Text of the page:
When I was young, I enjoyed playing high-performance sports. I like the analogy that work teams are very much like sports teams. To do the right thing, members need to collaborate and set expectations for each other. They’re not really like families that you can’t really choose and kind of have to accept.

Servant leadership is similar to modern sports coaching, which isn’t just about telling people what to do. It’s about getting people to make the right decision in every situation.

Ron Jeffries, one of the founding fathers of Extreme Programming, believes a manager who asks for urgency lives in fear. What causes stakeholders to sound the alarm — and how can an organization overcome this behavior?

It might be that if we don’t act urgently, we won’t onboard this new customer, and maybe the startup might go bankrupt. Or if we don’t get the function out, we might not sign up the three enterprise customers we already had on the roadmap.

Urgency is never pleasant, but sometimes it’s unavoidable. I spend a lot of time managing the impact it has on my team to help them process the pressure, risk, and fear they’re experiencing.

You have to learn to handle sudden requests because they happen a lot in one’s career.

Good to remember

To sum it up, could you list three golden rules for other CTOs to help them navigate tough decisions?

Rule number one probably has to be to act as a cross-functional leader rather than a technology leader, because that’s the crux of where that sits.

I think rule number two is to ask questions to get context and gain empathy. Only then will you understand where somebody is coming from. 

And rule number three has to be that your job as a technologist is to support an organization rather than to be a request taker. Don’t just be the fly on the wall at a meeting that doesn’t say anything. You’re a commercial leader — you should have an opinion worth sharing.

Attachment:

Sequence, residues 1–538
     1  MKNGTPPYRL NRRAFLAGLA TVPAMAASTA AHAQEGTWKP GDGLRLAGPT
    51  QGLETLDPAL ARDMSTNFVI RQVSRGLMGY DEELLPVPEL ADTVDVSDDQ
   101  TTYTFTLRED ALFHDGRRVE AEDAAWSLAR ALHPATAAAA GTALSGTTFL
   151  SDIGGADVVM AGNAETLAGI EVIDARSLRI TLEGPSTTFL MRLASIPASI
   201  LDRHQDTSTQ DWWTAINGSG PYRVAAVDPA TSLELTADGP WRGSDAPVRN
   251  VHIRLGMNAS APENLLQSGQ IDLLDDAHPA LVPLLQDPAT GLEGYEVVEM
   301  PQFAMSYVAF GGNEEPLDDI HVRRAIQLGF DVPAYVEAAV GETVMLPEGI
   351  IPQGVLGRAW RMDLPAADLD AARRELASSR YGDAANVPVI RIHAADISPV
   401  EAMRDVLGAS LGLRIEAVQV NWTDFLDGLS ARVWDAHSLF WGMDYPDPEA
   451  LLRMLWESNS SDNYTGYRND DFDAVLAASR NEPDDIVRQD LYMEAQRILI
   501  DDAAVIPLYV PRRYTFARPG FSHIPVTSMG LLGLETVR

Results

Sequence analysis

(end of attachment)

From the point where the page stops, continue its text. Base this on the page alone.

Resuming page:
Resources

You already referenced a couple of books throughout the interview. We learned you keep yourself educated and reference specific authors and their theories in interviews.

Any other learning material you’d like to recommend for its value?

So there’s a really interesting book called “The Culture Map” by Erin Mayer explaining how specific social groups might behave differently or mean something else around the same thing.

My wife is from Hong Kong, and the title enlightened me about some behaviors or thinking patterns that Asian cultures present.

Another book that’s worth a try is “Start With Why” by Simon Sinek. “Why” is my favorite question.And then perhaps another one for technology leaders, which some might already know of, is “Team Topologies.”. It influenced how I think about team design for engineering.

What’s next? Three actions for CTOs to take

Ben leans towards making informed decisions but knows sudden requests are unavoidable. 

But it seems he’s rather centered on preparing his teams to outperform in an environment we could define as Constant Change / Constant Improvement.

If you’d like to lead your engineers towards self-management (like Majid from Northfork did):

  1. Involve key engineers in Board-led technology projects to shape that commercial mindset that will keep them focused on the roadmap,
  2. Over-communicate Board announcements or strategic decisions as being uninformed demotivates engineers, which in turn hurts delivery progress,
  3. Keep product and engineering connected to customers directly through Zoom calls or in-person meetings to help them make decisions user-centric decisions.

Note what Ben said servant leadership. Organizational change cannot be forced without the employees starting a resistance movement — but it can be inspired.